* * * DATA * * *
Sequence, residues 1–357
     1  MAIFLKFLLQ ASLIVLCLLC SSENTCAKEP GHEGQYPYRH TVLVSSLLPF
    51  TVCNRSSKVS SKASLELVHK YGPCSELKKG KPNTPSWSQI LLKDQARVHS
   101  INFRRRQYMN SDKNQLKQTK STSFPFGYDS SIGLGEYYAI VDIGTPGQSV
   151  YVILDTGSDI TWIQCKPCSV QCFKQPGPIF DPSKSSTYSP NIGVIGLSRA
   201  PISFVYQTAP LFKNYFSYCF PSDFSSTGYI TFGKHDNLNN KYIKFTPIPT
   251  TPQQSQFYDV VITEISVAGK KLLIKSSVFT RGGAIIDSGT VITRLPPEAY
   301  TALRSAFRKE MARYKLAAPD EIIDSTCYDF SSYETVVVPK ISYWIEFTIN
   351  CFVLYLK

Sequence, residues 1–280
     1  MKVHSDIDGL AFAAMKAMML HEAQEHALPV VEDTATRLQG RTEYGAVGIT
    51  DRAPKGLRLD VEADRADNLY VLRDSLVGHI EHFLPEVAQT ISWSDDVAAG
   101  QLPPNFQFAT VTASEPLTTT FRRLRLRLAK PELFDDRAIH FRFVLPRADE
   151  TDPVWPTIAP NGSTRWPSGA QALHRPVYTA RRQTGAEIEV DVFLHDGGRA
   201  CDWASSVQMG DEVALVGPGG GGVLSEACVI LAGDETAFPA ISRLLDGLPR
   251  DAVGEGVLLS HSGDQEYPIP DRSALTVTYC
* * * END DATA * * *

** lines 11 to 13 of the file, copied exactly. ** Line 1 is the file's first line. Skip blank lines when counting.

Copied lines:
     1  MKVHSDIDGL AFAAMKAMML HEAQEHALPV VEDTATRLQG RTEYGAVGIT
    51  DRAPKGLRLD VEADRADNLY VLRDSLVGHI EHFLPEVAQT ISWSDDVAAG
   101  QLPPNFQFAT VTASEPLTTT FRRLRLRLAK PELFDDRAIH FRFVLPRADE